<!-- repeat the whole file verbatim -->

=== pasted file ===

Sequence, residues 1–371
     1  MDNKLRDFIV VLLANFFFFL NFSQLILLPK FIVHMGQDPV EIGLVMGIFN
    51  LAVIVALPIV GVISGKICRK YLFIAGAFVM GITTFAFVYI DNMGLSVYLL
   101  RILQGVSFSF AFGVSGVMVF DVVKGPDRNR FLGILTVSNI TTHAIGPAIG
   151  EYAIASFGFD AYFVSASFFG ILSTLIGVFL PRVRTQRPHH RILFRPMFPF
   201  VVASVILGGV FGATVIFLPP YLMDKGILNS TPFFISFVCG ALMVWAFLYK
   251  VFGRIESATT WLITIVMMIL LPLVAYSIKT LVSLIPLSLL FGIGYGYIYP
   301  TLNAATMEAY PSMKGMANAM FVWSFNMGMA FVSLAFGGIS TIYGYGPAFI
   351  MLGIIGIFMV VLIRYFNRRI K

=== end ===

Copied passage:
Sequence, residues 1–371
     1  MDNKLRDFIV VLLANFFFFL NFSQLILLPK FIVHMGQDPV EIGLVMGIFN
    51  LAVIVALPIV GVISGKICRK YLFIAGAFVM GITTFAFVYI DNMGLSVYLL
   101  RILQGVSFSF AFGVSGVMVF DVVKGPDRNR FLGILTVSNI TTHAIGPAIG
   151  EYAIASFGFD AYFVSASFFG ILSTLIGVFL PRVRTQRPHH RILFRPMFPF
   201  VVASVILGGV FGATVIFLPP YLMDKGILNS TPFFISFVCG ALMVWAFLYK
   251  VFGRIESATT WLITIVMMIL LPLVAYSIKT LVSLIPLSLL FGIGYGYIYP
   301  TLNAATMEAY PSMKGMANAM FVWSFNMGMA FVSLAFGGIS TIYGYGPAFI
   351  MLGIIGIFMV VLIRYFNRRI K